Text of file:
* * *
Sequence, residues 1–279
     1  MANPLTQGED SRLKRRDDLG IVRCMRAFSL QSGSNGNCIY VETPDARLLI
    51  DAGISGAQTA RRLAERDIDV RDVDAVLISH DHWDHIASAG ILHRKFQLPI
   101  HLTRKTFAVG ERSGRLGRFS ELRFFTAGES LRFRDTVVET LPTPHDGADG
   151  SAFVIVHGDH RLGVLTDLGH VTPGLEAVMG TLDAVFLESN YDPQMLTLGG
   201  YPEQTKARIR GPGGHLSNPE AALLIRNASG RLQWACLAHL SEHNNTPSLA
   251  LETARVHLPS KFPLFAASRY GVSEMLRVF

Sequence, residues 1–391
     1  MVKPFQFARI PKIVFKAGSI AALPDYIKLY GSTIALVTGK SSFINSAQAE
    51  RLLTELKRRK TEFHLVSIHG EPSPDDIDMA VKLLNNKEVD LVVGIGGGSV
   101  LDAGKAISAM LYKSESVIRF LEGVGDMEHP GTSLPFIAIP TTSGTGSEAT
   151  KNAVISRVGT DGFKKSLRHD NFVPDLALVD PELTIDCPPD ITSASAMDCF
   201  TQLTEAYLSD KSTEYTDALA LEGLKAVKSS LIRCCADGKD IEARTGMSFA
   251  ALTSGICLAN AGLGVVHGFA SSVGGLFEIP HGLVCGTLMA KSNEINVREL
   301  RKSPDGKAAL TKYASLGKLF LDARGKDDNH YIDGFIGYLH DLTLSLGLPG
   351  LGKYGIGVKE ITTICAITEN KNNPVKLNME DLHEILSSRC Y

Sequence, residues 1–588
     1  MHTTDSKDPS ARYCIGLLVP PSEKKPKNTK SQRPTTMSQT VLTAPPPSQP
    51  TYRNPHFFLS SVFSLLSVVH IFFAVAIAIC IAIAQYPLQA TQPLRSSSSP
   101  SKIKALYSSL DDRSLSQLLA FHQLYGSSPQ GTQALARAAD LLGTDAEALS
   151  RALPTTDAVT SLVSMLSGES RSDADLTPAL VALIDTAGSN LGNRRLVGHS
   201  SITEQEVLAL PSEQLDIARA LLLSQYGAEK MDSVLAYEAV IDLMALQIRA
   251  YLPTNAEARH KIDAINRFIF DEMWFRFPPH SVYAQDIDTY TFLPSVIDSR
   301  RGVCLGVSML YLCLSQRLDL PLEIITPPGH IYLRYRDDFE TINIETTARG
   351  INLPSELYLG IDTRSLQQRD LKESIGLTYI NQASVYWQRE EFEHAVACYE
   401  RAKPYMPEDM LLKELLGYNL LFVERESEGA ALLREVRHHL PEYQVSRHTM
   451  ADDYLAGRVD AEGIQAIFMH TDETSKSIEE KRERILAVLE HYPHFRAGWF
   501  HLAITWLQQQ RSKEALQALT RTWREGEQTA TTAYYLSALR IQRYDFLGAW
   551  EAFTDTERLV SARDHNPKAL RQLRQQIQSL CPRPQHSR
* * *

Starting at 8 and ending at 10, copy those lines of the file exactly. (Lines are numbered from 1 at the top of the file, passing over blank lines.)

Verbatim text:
Sequence, residues 1–391
     1  MVKPFQFARI PKIVFKAGSI AALPDYIKLY GSTIALVTGK SSFINSAQAE
    51  RLLTELKRRK TEFHLVSIHG EPSPDDIDMA VKLLNNKEVD LVVGIGGGSV